Book Review: “Liberty and the News” by Walter Lippmann

There can be no liberty for a community which lacks the information by which to detect lies (38).

For the newspaper is in all literalness the bible of democracy, the book out of which a people determines its conduct.  It is the only serious book most people read.  It is the only book they read every day.  Now the power to determine each day what shall seem important and what shall be neglected is a power unlike any that has been exercised since the Pope lost his hold on the secular mind (28).

For Lippmann, the press has a responsibility to the people that it has forgotten in its pursuit of profit and influence.  His experience in the propaganda departments of the United States government during WWI revealed to him the malleability of public opinion and the ease by which false ideas could permeate a society.  Without accurate information, the public is denied an authentic view of issues as it is manipulated by the voices of the media, themselves acting out of personal agendas.  Thus, a press that promotes opinion and sensationalism is a threat to democracy, and this is one of Lippmann’s main points.

Lippmann narrows the task of liberty to three dimensions:  the protection of the sources of news, organization of the news as to make it comprehensible, and education of human response (42-43).  For journalism specifically, this means employing people who take their roles in democracy seriously, and consider it a moral obligation.  Their reporting should focus on raw facts and avoid opinions (Lippmann’s suggestion for a high level of objectivity would have a strong impact on journalism practice in the U.S.) in order for the public to draw their own conclusions.  Without reliance on raw data, Lippmann believes that public opinion will not be democratic, and it will be impossible for individuals to make informed judgments about the best course of action for the country.  He points out that in the confused environment of the press it is easy for boisterous opinions to influence an audience and distract them from any nuance; “the more cocksure [the average American is] the more certainly is he the victim of some propaganda” (31).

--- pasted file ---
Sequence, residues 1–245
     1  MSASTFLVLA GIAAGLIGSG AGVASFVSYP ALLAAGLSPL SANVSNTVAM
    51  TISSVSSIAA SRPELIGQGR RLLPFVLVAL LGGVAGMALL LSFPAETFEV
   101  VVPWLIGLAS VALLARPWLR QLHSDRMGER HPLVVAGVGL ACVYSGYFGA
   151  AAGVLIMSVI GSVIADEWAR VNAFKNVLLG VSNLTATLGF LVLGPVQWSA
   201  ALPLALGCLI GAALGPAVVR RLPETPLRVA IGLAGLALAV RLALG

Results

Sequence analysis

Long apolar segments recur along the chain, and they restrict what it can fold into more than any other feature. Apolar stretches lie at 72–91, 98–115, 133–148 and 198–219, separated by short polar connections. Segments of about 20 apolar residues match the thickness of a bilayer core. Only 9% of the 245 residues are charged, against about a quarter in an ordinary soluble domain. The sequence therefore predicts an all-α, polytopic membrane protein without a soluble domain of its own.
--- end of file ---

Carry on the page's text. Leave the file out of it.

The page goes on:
Both the authors of the preface and afterward to this book comment on its relevance today.  And truly, the issues it reckons with are still prevalent.  However, what is striking to a reader is the idealness that has vanished from discourse today.  Lippmann not only diagnoses the problem, but he is anxious to suggest possible solutions (such as better journalism programs, government committees to hold newspapers responsible for their content, etc).  Today, it seems to me that most people have given up, thrown their hands in the air, and walked away.  Perhaps when the media was smaller, less pervasive, and had more proponents like Lippmann, something could be done.  However, one gets the feeling that someone like Lippmann who identified the critical deficiencies in the press and its role in American democracy today would quickly be suppressed and not be able to reach anywhere close the prominence he did in the early 20th century.  The reader also senses that Lippmann was talking to people who actually cared about what he was talking about, even though they may not be in positions to do anything about it.  Today, I think he would be virtually ignored.  Why is this true?  Perhaps people were different in those days, or maybe coming out of a horrific war intensifies the value of an informed democracy.

This slender volume (only 88 pages including the preface and afterward) is well worth the read if for nothing else but the unsettling feeling it produces.  It reads as if it were written yesterday, and I think that’s one of its scariest and most thought-provoking aspects.

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